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Review of global environmental assessment methodsOctober 2011

As international pressure grows to prove environmental credentials in the industry, Irena Saniuk draws a global map of the main environmental assessment methods.

It all started with BREEAM - arguably the grandee of all building environmental assessment methods. The Building Research Establishment Environmental Assessment Method, to give it its original title, is celebrating its 21st birthday. In its teenage years many similar methodologies for rating building sustainability have popped up. What they all share in common is a delight in acronyms: LEED, DGNB and HQE to name but three.

At least 20 out of the 83 green building councils around the world have developed their own certification schemes. Countries that have not yet finished forming a nationally appropriate system have adapted one or more of the existing schemes. Many of these schemes have gone beyond the original concept laid down by BREEAM. Some have adopted product certification standards, such as the Green Building Product Certification Scheme (SGBC) launched by the Singapore Green Building Council in 2010.

Given that there is now a global mosaic of building environmental rating schemes, we need to know their features, their purpose, and the costs of using them. The main schemes are described below, with associated schemes in use around the world shown in Figure 1. The figure also shows the LEED International Roundtable members and BREEAM/LEED certified buildings. The best place to start is with the grand progenitor: BREEAM.


Launched in 1990, BREEAM is used to assess buildings of any type. It's been a successful British export and is used all over the world.

Country-specific schemes have been launched in the Netherlands (BREEAM NL) and Spain (BREEAM ES). Schemes for Sweden and Norway (BREEAM SE and BREEAM NOR) are under development and will soon operate under licence from the operating company, BRE Global.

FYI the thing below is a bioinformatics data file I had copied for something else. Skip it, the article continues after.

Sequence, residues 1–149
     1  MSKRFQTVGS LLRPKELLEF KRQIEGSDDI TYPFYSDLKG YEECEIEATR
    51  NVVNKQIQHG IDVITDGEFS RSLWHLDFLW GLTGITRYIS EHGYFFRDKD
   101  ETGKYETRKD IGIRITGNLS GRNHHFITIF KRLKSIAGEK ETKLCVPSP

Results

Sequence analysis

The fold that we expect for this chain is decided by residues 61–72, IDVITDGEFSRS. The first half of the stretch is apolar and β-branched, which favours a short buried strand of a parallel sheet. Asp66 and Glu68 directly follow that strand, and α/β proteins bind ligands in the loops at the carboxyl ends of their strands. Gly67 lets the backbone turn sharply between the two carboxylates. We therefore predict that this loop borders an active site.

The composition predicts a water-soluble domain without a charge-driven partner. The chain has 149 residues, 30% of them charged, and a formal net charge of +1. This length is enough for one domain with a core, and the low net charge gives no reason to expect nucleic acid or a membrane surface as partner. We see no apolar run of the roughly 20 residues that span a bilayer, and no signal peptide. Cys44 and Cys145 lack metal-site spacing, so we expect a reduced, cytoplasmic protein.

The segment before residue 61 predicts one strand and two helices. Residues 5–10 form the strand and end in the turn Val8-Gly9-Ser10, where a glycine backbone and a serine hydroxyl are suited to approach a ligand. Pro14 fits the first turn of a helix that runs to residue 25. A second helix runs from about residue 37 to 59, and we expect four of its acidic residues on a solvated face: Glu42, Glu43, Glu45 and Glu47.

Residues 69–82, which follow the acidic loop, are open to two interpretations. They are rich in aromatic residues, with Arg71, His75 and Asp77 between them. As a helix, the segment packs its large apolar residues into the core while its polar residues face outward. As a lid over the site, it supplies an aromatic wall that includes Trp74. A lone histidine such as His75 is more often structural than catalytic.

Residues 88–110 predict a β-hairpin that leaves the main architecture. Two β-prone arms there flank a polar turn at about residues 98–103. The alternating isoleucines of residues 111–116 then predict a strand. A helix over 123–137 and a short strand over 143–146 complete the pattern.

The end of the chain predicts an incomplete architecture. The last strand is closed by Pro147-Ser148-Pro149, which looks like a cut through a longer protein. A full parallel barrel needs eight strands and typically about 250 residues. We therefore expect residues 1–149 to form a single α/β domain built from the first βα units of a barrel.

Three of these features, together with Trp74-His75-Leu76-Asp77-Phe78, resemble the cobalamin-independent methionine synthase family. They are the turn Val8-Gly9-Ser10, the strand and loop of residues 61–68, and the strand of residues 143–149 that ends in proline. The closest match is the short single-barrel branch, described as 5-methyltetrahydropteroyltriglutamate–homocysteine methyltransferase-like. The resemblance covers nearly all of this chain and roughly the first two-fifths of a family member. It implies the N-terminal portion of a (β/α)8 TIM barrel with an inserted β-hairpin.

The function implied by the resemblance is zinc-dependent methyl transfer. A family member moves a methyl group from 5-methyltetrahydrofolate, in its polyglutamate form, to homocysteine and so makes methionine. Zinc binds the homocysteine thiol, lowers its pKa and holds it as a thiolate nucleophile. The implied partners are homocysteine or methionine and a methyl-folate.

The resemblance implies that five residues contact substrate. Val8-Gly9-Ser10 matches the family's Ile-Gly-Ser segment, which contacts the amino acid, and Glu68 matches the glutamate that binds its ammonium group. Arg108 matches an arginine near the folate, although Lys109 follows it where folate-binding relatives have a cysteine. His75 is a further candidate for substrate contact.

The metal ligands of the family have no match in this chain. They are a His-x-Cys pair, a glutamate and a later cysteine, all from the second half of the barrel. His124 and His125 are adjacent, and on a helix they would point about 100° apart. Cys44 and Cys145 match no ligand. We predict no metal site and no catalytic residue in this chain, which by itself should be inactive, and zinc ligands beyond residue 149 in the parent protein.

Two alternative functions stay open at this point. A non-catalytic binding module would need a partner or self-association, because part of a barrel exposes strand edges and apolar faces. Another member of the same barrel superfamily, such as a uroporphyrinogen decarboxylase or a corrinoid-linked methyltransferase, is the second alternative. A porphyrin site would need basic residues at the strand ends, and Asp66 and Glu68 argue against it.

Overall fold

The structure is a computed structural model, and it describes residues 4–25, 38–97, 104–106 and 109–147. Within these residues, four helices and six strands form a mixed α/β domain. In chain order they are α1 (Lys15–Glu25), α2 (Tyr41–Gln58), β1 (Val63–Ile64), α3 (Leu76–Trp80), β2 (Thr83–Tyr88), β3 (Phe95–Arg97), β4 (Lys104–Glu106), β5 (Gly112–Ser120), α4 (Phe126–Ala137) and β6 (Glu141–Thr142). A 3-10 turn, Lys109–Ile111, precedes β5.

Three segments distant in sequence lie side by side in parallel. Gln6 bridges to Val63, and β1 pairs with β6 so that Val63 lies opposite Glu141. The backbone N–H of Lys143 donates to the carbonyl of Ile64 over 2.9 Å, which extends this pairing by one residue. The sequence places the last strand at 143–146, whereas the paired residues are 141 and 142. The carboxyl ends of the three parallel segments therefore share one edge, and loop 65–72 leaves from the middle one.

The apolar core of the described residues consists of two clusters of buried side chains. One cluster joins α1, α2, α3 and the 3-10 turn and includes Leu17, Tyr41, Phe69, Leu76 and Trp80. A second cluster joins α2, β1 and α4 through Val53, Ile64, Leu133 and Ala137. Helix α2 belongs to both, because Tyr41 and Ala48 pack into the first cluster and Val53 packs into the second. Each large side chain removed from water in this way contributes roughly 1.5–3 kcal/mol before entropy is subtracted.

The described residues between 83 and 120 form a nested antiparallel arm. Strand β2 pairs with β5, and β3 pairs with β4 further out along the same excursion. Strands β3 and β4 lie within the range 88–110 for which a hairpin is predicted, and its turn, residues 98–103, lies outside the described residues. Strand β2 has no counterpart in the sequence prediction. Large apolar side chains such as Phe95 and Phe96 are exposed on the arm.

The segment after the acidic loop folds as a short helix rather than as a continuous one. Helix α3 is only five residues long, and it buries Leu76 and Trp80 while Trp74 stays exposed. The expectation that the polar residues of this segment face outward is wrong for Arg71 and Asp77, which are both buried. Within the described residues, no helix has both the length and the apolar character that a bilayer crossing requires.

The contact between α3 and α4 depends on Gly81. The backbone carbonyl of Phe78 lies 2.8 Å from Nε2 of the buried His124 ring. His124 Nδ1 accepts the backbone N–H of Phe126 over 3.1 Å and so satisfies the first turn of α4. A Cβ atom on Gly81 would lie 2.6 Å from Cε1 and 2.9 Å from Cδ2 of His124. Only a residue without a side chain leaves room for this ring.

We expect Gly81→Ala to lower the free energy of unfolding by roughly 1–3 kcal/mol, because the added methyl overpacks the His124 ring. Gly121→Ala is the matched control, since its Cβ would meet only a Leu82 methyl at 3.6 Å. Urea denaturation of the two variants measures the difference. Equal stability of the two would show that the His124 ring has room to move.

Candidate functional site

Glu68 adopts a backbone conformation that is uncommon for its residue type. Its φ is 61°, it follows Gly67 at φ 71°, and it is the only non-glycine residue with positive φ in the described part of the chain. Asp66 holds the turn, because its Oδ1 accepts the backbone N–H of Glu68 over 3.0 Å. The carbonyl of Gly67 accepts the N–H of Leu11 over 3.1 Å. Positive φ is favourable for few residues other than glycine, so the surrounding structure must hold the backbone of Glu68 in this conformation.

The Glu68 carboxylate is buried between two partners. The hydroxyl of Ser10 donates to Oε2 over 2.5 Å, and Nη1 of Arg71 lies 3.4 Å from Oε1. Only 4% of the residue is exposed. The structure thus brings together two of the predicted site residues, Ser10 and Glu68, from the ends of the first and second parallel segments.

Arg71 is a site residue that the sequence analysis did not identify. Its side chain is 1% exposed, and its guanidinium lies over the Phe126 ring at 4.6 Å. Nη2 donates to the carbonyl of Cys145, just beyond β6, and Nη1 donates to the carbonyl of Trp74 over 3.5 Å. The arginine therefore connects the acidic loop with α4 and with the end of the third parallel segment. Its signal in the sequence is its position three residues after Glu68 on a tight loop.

Around 200 000 certificates have been issued since the BREEAM scheme started. At least 633 buildings have been certified under the 2008 or newer versions of BREEAM, of which 73 are outside UK and the majority of those located in France.

The latest version for new construction, BREEAM 2011, is designed to keep pace with improvements in UK construction practice. For example, BREEAM 2011 tightens the targets for construction site waste. It also allows users to demonstrate compliance with sustainable procurement through the use of BSRIA's Soft Landings process, published as the Soft Landings Framework.

Certification fees for BREEAM vary from £1170 to £3650 depending on project type. BRE levies additional fees such as registration.

A global map of environmental schemes.


Leadership in Energy and Environmental Design is a green building certification system, developed by the US Green Building Council in 1998.

Like BREEAM, LEED certification is available for all building types including new construction, existing buildings, shell and core, and fit-out. Interestingly, it also covers domestic dwellings, which, in the UK, is covered by the Code for Sustainable Homes.

The system has been successfully modified and adopted by many countries, including India, Canada, Italy and Brazil. In addition, more than 20 countries have also joined the LEED International Roundtable.

By March 2011, a total of 8579 LEED certificates have been issued worldwide. The certification fee varies from $2250 to $27 500 depending on a project's rating ambitions, size, and whether the applicant is a member of the US Green Buildings Council.

Green Star

Launched in 2002, Green Star is a rating system developed by the Green Building Council of Australia and modelled on BREEAM and LEED. Country-specific versions are also used in New Zealand and South Africa.

To date, 345 Green Star certificates have been issued in Australia, with 92 within the last 12 months. The certification fee varies from AUD 8,000 to 33,000 depending on size of the project and membership of the Green Building Council of Australia.